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The Practice of StrategyFrom Alexander the Great to the Present$
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John Andreas Olsen and Colin S. Gray

Print publication date: 2011

Print ISBN-13: 9780199608638

Published to Oxford Scholarship Online: January 2012

DOI: 10.1093/acprof:oso/9780199608638.001.0001

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The First and Second World Wars

The First and Second World Wars

Chapter:
(p.219) Chapter 10 The First and Second World Wars
Source:
The Practice of Strategy
Author(s):

Martin van Creveld

Publisher:
Oxford University Press
DOI:10.1093/acprof:oso/9780199608638.003.0011

In Chapter 10, Martin van Creveld focuses on grand strategy and military strategy in the First and Second World Wars. He first examines the similarities between the two wars at the highest level: ‘to wit, the one where national policy and politics, strategy, diplomacy, economics and mobilization meet and interact’. The second part of the chapter discusses the military strategy of the principal belligerents. The author highlights the differences between the two wars, the role of armoured formations on the ground, naval warfare, and the extensive use of air power. He maintains that, in reality, these two total wars should be seen as parts of a single protracted struggle of attrition, with victory ultimately gained by the side with greater resources in terms of bigger military forces (army, navy, and air force), backed by larger populations, a stronger military‐industrial base for scientific research and production, and greater economic leverage.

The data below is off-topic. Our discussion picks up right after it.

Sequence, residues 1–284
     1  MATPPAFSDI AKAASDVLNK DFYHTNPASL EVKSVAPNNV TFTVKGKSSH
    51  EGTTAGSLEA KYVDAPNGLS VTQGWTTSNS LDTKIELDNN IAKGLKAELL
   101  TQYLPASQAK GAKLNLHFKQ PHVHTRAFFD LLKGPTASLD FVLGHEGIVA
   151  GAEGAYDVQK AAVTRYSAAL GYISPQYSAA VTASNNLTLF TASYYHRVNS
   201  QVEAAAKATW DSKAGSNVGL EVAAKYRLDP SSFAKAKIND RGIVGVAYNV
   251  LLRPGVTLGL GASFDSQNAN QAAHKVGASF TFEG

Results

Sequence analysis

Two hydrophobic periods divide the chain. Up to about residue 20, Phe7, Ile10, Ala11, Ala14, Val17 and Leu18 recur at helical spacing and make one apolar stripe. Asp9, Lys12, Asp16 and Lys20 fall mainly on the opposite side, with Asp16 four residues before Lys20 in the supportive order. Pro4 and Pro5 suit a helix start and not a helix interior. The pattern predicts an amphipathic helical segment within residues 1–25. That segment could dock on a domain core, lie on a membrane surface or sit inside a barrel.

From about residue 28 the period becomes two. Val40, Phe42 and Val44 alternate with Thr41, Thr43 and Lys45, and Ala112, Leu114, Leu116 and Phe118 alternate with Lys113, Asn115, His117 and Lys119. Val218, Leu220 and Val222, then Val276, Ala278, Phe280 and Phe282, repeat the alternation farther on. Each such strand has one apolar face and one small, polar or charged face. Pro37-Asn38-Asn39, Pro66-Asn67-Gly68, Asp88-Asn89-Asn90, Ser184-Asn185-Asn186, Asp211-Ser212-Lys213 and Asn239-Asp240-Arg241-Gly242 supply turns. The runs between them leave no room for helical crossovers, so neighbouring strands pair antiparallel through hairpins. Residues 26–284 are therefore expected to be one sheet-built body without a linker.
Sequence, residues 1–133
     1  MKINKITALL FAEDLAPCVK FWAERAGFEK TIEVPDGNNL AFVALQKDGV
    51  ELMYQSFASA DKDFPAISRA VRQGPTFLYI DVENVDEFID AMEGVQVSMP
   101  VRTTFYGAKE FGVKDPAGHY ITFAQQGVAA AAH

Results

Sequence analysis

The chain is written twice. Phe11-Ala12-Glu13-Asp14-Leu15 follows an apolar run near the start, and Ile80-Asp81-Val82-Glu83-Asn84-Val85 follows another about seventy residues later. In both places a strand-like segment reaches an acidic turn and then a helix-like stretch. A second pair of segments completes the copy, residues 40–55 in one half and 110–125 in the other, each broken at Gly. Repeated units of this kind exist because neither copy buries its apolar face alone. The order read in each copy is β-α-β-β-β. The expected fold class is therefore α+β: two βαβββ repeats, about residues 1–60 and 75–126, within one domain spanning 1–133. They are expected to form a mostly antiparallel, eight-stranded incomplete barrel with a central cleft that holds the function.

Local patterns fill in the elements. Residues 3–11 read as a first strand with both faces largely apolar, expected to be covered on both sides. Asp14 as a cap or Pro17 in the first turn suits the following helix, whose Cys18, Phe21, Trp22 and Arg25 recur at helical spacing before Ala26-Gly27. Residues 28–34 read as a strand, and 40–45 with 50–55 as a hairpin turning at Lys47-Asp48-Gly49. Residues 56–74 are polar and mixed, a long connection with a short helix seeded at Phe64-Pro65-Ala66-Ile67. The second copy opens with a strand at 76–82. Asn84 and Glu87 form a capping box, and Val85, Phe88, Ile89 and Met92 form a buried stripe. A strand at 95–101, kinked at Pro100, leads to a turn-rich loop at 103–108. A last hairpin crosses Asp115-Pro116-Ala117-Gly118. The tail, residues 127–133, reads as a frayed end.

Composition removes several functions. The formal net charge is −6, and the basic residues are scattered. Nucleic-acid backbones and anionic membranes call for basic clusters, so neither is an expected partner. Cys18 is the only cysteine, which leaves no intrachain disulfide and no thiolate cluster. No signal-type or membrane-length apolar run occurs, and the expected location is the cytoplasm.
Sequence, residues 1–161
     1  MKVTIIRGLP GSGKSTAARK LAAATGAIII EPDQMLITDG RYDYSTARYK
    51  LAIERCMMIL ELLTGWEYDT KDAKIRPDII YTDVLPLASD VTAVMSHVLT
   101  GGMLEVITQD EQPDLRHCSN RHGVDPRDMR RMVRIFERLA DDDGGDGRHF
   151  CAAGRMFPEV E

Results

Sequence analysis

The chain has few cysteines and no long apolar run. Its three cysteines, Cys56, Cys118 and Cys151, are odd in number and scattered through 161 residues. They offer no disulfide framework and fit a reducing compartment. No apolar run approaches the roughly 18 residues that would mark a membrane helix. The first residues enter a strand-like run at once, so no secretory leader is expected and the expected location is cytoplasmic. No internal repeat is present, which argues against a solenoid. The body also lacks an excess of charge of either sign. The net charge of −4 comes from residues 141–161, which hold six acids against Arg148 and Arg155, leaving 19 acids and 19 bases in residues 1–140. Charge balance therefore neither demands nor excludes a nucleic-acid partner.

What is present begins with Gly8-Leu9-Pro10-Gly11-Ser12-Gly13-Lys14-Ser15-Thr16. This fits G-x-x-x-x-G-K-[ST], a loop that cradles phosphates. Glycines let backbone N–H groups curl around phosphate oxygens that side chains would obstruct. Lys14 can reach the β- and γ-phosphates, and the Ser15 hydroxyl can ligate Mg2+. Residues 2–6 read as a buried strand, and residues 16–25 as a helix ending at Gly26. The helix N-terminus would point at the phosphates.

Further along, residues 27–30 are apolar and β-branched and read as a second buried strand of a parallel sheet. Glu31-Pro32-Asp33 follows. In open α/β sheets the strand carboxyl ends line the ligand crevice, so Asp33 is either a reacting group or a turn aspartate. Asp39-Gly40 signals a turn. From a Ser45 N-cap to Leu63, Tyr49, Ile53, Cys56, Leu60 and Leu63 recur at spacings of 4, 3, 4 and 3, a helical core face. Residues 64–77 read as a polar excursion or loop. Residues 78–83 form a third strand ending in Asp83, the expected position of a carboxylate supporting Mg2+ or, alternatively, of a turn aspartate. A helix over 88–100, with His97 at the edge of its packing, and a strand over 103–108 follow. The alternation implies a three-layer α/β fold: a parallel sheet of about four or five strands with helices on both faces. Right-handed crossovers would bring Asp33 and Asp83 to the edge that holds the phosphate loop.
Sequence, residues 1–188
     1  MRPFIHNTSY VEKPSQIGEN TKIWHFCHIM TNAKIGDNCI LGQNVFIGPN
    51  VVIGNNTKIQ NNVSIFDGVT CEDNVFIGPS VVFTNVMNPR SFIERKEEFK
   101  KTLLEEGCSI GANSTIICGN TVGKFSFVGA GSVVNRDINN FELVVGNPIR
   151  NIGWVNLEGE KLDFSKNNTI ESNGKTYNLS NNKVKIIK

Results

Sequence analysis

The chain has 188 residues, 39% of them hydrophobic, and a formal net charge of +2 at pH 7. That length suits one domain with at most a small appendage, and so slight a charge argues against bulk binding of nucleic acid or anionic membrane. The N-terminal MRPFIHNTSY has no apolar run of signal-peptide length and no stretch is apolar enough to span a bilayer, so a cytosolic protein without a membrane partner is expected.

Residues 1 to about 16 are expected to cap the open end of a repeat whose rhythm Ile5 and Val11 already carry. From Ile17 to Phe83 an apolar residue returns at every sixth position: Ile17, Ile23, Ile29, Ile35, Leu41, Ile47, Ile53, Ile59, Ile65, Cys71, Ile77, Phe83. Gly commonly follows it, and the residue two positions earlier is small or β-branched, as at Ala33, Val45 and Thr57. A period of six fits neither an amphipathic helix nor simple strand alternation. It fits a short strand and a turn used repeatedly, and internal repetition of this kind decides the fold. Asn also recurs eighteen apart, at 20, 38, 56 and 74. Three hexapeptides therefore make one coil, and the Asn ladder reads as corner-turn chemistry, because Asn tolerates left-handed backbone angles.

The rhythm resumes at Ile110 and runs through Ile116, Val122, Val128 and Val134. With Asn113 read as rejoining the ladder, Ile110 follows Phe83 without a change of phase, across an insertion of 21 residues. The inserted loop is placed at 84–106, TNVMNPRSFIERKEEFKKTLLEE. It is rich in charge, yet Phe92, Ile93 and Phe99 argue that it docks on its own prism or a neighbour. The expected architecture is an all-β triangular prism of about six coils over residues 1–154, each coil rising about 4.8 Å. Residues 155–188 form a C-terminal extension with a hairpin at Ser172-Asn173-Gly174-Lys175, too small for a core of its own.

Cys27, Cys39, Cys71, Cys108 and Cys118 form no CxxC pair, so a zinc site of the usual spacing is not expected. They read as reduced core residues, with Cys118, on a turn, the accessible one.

Keywords:   First World War, Second World War, grand strategy, military strategy, politics, diplomacy, economy, armed forces, history

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